Strippable Cover Reviews: Robopocalypse by Daniel H. Wilson

Robopocalypse
by Daniel H. Wilson

The apocalypse has hit in many ways over the years. Zombies. Plague. Creeping Ice-Ages.

And of course, there’s always the old stand-by favorite, Robots. We’ve seen them plod slowly through the Terminator films or swiftly dive and tear their way through clunky, barely functional ships in The Matrix. But author and roboticist Daniel H. Wilson is bringing them to us in a way that combines all of these into something that we’ve never come across before in his debut novel, Robopocalypse.

Wilson has written before, a survival guide on surviving robot uprisings segueing nicely into this novel, in much the same way Max Brooks did with his Zombies. And this isn’t where the similarities end, with Wilson borrowing the formula of Brooks’ popular World War Z to tell a story through an entire cast of characters and their unique tales.

The uprising starts out in the way that many in the genre do, with a rogue AI deciding that humanity, well, kind of sucks. Unfortunately, the pre-singularity world of the novel has mastered robotics technology to the point where everything from the newest pleasure models to brainless butlers are online, and naturally, the AI takes advantage of this. By slowly assuming control, it builds a global army to a point where, lashing out suddenly, humanity is nearly defenseless.

From somewhat cliched beginnings, Wilson’s tale is actually quite artful. With a Phd in robotics, he has insight into what is logically possible for a first generation machine to do. From there, continuing into later chapters, he branches out, bringing horribly plausible mechanical monsters to life. I won’t say what pluggers are, but trust me, they’re horrifying.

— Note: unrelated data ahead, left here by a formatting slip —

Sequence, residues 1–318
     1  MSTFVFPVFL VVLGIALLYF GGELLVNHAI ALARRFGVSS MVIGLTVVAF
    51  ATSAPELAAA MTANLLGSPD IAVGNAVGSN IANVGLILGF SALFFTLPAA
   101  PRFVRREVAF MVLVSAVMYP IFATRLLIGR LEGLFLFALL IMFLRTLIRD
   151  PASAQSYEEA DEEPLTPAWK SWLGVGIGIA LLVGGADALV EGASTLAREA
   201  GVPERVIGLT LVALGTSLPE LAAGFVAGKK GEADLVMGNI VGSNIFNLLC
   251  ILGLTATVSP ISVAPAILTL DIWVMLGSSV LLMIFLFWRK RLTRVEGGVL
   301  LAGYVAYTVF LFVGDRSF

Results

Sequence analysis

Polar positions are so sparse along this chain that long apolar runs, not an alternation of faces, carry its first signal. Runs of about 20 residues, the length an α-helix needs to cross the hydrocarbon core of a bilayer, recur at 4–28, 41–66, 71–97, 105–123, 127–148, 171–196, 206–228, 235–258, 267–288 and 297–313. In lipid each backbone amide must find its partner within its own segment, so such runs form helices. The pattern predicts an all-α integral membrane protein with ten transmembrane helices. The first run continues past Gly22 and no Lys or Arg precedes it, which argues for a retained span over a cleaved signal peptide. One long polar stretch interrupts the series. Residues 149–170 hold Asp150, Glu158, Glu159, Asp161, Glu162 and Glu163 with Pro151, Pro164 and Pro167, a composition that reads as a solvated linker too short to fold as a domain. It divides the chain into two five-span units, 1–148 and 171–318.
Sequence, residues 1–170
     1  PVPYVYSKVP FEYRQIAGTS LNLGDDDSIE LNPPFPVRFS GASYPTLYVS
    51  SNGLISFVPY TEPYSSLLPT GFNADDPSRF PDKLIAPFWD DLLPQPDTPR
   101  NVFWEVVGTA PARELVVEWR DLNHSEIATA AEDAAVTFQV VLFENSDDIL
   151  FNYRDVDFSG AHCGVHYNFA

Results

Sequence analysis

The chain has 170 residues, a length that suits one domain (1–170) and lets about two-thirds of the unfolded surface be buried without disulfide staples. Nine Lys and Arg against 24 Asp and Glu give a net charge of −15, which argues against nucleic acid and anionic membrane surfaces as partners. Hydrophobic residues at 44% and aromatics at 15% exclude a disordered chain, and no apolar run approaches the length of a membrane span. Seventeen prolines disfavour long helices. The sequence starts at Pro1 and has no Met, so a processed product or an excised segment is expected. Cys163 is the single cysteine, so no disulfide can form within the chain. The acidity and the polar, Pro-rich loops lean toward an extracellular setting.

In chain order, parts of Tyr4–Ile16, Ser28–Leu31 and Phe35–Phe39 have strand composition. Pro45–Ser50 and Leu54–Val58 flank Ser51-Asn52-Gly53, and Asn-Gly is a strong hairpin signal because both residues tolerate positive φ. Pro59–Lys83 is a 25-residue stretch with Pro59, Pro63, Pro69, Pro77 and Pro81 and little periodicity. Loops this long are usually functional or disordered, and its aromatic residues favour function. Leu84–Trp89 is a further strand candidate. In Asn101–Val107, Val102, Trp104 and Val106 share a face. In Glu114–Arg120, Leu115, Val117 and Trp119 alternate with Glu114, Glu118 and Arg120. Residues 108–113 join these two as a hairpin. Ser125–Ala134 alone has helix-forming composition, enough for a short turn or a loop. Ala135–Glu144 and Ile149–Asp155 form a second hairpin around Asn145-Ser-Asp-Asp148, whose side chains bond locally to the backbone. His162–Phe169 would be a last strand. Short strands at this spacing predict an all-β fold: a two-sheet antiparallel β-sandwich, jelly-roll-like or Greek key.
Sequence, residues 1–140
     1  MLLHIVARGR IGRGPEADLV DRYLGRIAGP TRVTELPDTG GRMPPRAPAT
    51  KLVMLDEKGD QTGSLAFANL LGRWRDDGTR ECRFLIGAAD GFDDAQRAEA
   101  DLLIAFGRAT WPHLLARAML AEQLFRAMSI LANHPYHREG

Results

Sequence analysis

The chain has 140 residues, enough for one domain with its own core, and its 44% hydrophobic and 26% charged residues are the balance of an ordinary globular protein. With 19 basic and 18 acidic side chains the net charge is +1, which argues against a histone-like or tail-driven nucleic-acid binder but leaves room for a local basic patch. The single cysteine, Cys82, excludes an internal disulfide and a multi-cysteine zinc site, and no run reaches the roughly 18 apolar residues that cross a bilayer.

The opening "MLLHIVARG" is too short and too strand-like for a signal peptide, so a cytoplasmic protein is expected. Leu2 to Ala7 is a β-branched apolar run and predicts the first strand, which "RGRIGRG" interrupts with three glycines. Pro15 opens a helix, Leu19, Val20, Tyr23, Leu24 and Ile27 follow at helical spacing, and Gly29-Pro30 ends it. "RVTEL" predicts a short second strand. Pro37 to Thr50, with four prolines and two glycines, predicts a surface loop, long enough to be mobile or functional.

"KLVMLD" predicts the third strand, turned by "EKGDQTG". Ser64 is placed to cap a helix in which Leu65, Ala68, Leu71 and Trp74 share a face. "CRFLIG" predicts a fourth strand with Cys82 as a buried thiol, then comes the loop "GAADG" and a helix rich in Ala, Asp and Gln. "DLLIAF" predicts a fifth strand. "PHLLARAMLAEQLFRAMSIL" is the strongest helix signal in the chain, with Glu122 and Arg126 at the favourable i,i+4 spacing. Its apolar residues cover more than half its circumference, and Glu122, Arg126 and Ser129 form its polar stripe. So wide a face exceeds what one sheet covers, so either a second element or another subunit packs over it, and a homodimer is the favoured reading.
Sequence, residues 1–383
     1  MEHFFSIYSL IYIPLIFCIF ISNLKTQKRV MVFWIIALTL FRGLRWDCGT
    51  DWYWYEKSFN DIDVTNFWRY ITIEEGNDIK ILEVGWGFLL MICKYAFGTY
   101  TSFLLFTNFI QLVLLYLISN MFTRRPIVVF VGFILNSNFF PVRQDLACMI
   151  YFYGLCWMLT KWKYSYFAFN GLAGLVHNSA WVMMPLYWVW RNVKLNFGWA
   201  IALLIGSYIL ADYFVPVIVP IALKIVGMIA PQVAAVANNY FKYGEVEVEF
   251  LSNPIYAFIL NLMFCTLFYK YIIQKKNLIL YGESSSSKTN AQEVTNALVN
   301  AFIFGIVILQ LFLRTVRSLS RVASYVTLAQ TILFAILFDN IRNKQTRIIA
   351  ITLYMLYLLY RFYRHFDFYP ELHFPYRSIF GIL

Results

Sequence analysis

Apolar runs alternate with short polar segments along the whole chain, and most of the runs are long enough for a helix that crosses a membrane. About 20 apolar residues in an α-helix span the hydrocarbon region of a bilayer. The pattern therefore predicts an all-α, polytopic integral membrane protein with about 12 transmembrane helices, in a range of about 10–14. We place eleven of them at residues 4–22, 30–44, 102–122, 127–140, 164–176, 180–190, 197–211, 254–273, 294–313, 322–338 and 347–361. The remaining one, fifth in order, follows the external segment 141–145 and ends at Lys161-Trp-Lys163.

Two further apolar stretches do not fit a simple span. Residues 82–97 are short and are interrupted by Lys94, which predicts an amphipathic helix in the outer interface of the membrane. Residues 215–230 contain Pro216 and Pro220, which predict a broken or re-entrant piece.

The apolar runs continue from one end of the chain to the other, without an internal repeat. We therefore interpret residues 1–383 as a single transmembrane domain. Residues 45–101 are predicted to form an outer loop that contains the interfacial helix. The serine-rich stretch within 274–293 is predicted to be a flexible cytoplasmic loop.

With a wide array of characters in the novel, Wilson’s writing pays them excellent service. For the most part, he is able to bring believable, excellent voices to his varied characters, with only a few moments where unfortunately nondescript dialogue intrudes. The problem with these is that often the voices are taken by his most interesting and memorable characters. So while they have something good to say, they may relate it in a way that isn’t memorable.

Robopocalypse is an unusual amalgam. It reads alternately as war novel, techno thriller, character study or dystopian downer, and all of the genres flow easily together. Wilson wields his pen deftly, creating something that is both genre and not, a piece of speculative fiction that you can hand to your mystery reading cousin without having to say “I know you don’t usually like Science Fiction but…” No qualifiers needed, this is an excellent read.

Posted on July 4, 2011 at 22:22 by Lincoln Eddy · Permalink
In: Books, Columns, Reviews, The Written Word · Tagged with: , , , ,